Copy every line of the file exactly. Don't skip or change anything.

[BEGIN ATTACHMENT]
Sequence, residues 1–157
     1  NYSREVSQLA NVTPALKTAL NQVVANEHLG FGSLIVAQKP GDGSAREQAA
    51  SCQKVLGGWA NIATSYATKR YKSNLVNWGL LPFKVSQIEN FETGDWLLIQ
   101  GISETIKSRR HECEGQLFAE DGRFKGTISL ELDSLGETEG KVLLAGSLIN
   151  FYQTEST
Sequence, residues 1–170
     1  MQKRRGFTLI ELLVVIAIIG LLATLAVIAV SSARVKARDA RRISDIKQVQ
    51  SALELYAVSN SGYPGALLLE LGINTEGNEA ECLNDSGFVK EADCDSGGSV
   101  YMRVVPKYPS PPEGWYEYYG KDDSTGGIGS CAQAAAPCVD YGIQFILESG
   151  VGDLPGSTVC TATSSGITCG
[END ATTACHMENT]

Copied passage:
Sequence, residues 1–157
     1  NYSREVSQLA NVTPALKTAL NQVVANEHLG FGSLIVAQKP GDGSAREQAA
    51  SCQKVLGGWA NIATSYATKR YKSNLVNWGL LPFKVSQIEN FETGDWLLIQ
   101  GISETIKSRR HECEGQLFAE DGRFKGTISL ELDSLGETEG KVLLAGSLIN
   151  FYQTEST
Sequence, residues 1–170
     1  MQKRRGFTLI ELLVVIAIIG LLATLAVIAV SSARVKARDA RRISDIKQVQ
    51  SALELYAVSN SGYPGALLLE LGINTEGNEA ECLNDSGFVK EADCDSGGSV
   101  YMRVVPKYPS PPEGWYEYYG KDDSTGGIGS CAQAAAPCVD YGIQFILESG
   151  VGDLPGSTVC TATSSGITCG